Now, I’m not one to exaggerate, but to say that ABORG creates a ton of WordPress sites is an understatement. Now powering roughly 25% of the entire web, WordPress is the most popular open-source content management system out there, and our company is definitely no stranger to it.
WordPress is exceptionally easy-to-use and easy-to-customize to your exact liking, and contains advanced capabilities with over 20,000 plugins to compose any sort of functionality. It’s well-designed for SEO and stands the test of time through constant updates and the ability to be re-skinned.
Well, the reason is that with fame comes notoriety! Since WordPress is so widely used by so many organizations, it makes it a popular target for hackers and mischief-makers. Here at ABORG, we’ve coded hundreds, if not thousands of WordPress sites, and it used to be that you could set a secure password and sleep easy at night. To many business owner’s surprise, 2015 reared its ugly head, and was a different beast entirely – half-shark, half-anaconda.
In the past, hackers might attack your site and maybe muck things up for a lark, but we’ve seen a significant increase in dangerous malware and ads being forcefully injected into the code of un-maintained sites.
WordPress is inherently very secure, but to take full advantage of this amazing Content Management System, you will most likely be installing third-party plugins. Using many plugins can obviously keep development-time and costs down, but it could also open the door for security flaws on your site. Why? Plugins are NOT written by WordPress and are not vetted by the hundreds of programmers that maintain WordPress. They are independent entities. However, it’s important to remember that not all plugins are bad. Sometimes, from a security perspective, it’s as easy as keeping them updated.
If you are the proud owner of a WordPress site, what can you do to protect yourself from the vulnerabilities?
Do you know how secure your password is? Most people will use something that is easy to remember, or a word or phrase that has meaning to them. Just remember that any dictionary word or name, or any variation of the two can easily be hacked by a brute-force software, a program designed to attempt many different random passwords.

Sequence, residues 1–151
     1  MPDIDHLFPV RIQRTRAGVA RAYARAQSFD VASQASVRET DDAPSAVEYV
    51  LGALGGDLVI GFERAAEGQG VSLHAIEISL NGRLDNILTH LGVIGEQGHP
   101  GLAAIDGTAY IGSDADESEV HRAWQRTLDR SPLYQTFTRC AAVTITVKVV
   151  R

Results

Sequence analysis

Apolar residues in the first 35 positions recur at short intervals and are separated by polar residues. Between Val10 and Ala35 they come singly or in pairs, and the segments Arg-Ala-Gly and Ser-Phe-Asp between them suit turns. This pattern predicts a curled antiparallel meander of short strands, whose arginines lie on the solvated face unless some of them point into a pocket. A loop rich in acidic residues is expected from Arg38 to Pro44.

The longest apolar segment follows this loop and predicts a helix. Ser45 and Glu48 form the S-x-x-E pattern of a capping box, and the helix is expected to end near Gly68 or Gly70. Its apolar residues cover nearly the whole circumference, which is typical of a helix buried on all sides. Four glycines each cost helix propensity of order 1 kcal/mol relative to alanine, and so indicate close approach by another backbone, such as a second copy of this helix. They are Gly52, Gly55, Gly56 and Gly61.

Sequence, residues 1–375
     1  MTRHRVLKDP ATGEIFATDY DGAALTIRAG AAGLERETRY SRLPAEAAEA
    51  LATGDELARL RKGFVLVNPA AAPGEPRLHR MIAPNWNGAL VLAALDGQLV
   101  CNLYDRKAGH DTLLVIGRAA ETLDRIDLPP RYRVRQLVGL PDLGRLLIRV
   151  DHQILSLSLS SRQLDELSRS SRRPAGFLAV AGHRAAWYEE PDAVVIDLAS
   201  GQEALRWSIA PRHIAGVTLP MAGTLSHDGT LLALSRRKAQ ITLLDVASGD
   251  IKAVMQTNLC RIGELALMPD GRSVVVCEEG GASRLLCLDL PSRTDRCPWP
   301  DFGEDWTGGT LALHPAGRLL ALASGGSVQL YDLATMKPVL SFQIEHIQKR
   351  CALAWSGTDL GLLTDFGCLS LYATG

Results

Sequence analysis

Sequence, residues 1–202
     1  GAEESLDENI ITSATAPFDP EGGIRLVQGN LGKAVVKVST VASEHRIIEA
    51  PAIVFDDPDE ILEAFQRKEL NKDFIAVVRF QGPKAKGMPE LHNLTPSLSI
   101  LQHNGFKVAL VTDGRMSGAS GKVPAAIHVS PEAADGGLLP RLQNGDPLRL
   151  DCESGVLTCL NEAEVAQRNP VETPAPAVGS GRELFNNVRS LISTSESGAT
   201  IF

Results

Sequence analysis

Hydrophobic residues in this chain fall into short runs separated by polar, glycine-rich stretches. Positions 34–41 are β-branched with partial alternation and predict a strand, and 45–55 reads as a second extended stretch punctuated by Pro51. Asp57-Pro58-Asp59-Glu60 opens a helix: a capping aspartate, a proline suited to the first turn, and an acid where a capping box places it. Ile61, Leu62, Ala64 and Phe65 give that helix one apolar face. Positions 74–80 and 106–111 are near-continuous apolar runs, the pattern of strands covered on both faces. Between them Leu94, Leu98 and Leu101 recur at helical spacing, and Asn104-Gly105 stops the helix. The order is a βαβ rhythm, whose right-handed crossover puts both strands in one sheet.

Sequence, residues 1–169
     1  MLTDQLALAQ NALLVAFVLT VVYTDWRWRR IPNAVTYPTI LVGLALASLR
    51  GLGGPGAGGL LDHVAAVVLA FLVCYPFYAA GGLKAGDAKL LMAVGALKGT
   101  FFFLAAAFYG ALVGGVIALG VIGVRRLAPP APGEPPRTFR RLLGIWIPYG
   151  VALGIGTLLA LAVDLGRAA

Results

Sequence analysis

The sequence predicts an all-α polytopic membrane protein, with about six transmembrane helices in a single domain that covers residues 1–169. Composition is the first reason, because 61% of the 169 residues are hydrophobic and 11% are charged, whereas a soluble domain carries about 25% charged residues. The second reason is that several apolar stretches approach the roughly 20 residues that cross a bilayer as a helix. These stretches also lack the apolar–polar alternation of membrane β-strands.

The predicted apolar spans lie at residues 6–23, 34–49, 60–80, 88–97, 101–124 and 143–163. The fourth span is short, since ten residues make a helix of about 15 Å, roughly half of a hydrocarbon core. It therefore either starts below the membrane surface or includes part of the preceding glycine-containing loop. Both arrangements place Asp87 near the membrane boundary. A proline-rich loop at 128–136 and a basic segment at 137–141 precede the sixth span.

Let’s use a variation of the word “office” in the following example. You just created a new social media account, and you can’t think of a good password. You look around and think, “Hmmm. Well, I’m in an office, and it’s 2015, so I guess my password will be: Off1ce.2015!”
You would think Off1ce.2015! is super secure, since it has a capital letter, a combination of letters and numbers, and an special character.
Off1ce.2015! would take approximately 2 hours to crack by an average home computer using brute-force software. A more secure password would be something that has a long string of random characters such as: thg8PG()..233hjd. A password like that would take an estimated 10000+ centuries to crack, depending on computing power.
An excellent way to evaluate your password is by using a tool like this one: https://blog.kaspersky.com/password-check/
We make sure to always install a security plugin that changes the default login path, which is typically /wp-admin, unless it conflicts with something else. We rename the login path to something entirely different, for example /yoursite-login. This means that all the “malware bots”, the dirty site-crawling spam robots, won’t be able to find your login form and this greatly reduces random hacking attacks by up-to a whopping 99%.
Another useful plugin is Login Lockdown. This plugin limits the number of login attempts to a pre-set number. So even if someone randomly comes across your login form, they only have that pre-set amount of tries to guess your password. If you followed our recommendations for choosing a secure password, then they won’t be guessing it!
This is perhaps the most important aspect of keeping your site safe and secure! Ensure that your webmaster or system administrator regularly updates your WordPress version as well as the installed plugins. New security flaws will be brought to light constantly, and updating your Content Management System will ensure that the proper security patches are applied. Of course, this can cause issues and conflicts that could potentially break your site, which is why we recommend that you coordinate these updates with the person or organization in charge of managing your site.
Don’t have the know-how or time to take care of all these things? ABORG can help! Contact us today to make your site more secure.